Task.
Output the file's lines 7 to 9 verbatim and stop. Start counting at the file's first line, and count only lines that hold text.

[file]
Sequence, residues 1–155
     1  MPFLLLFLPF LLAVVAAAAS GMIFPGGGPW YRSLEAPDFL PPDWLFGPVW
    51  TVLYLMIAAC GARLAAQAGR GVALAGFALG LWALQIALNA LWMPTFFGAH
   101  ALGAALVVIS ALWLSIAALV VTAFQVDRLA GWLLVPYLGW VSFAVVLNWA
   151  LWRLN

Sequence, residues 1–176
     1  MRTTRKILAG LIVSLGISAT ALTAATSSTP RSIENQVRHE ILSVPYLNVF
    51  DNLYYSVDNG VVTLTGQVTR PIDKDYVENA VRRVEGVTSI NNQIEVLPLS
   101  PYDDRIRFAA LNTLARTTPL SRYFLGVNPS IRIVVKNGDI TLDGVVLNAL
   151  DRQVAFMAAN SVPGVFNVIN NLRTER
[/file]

     1  MRTTRKILAG LIVSLGISAT ALTAATSSTP RSIENQVRHE ILSVPYLNVF
    51  DNLYYSVDNG VVTLTGQVTR PIDKDYVENA VRRVEGVTSI NNQIEVLPLS
   101  PYDDRIRFAA LNTLARTTPL SRYFLGVNPS IRIVVKNGDI TLDGVVLNAL